• adenomatous hyperplasia, and
    • heterotopic tissues.

The prevalence of polypoid lesions of the gallbladder (PLG) in healthy subjects varies from 3 to 7% on ultrasound in up to 10% in cholecystectomy specimens.

The most common type of PLG is the cholesterol polyp, comprising 63% of 172 cases in the largest series of PLG reported in the literature.

  • Cholesterol polyps are characteristically small (10 mm), multiple, and appear as yellow spots on the surface of the gallbladder mucosa, giving rise to the term “strawberry gallbladder.”
  • They are formed by the proliferation of lipid-laden macrophages in the lamina propria and have no malignant potential.
Inflammatory polyps of the gallbladder are reactive lesions without malignant potential that are usually discovered at the time of cholecystectomy performed for chronic cholecystitis.
  • Microscopically, there is evidence of focal epithelial hyperplasia associated with a marked infiltration of chronic inflammatory cells.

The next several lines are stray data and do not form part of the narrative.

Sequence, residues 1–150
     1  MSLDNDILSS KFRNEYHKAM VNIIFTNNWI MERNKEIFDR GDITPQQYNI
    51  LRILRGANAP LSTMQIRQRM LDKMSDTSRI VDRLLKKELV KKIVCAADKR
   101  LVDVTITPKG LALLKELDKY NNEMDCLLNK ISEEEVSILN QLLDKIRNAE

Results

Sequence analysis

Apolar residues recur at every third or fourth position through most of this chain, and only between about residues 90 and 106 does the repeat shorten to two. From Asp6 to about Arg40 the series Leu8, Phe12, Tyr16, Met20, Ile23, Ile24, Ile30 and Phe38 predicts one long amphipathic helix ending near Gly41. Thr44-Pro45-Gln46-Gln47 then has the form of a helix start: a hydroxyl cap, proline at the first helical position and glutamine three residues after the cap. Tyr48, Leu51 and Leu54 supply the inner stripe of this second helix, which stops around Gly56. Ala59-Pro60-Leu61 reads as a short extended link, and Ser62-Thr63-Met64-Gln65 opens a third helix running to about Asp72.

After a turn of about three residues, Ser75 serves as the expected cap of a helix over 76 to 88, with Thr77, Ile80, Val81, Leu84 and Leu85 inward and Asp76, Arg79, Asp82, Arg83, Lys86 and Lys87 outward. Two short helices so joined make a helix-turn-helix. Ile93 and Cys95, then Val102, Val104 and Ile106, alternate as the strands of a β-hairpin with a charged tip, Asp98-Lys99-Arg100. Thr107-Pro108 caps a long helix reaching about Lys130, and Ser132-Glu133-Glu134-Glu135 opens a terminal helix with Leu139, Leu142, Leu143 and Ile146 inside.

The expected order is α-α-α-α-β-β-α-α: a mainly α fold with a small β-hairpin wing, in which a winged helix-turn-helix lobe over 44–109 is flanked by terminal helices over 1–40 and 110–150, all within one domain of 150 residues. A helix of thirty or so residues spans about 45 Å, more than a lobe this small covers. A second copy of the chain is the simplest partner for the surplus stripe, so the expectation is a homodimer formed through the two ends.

Adenomyomatous hyperplasia of the gallbladder is characterized by extensions of the mucosa into and through a thickened muscular wall, typically in the fundus of the gallbladder.
  • These lesions have long been thought to have no malignant potential, though there are case reports of gallbladder carcinoma developing in areas of adenomyomatosis.
Simplified classification of benign tumors and pseudotumors of the gallbladder.

Benign tumors

  • Epithelial
    • Adenoma, papillary
    • Adenoma, nonpapillary
  • Supporting tissue
    • Hemangioma
    • Lipoma
    • Leiomyoma
    • Granular cell tumor
Benign pseudotumors
  • Hyperplasia
    • Adenomatous
    • Adenomyomatous (adenomyoma)
  • Heterotopia
    • Gastric mucosa
    • Intestinal mucosa
    • Pancreas
    • Liver
  • Polyp
    • Inflammatory
    • Cholesterol
  • Miscellaneous
    • Fibroxanthogranulomatous inflammation
    • Parasitic infection
    • Other

The incidence of adenoma of the gallbladder is approximately 1% in cholecystectomy specimens, and these lesions can be papillary or sessile.
  • It is unclear whether a gallbladder adenoma represents a premalignant lesion.
  • Evidence in support of the adenoma to adenocarcinoma sequence comes from a study by Kozuka et al., in which the histology of 1605 gallbladders was reviewed.
  • Adenomatous components were identified in all of the in situ carcinomas and in 19% of the invasive carcinomas.
  • There was a distinct correlation between the size of the lesion and malignant change, with all benign adenomas measuring less than 12 mm in diameter, all adenomas with malignant change measuring greater than 12 mm in diameter, and most of the invasive cancers measuring greater than 30 mm in diameter.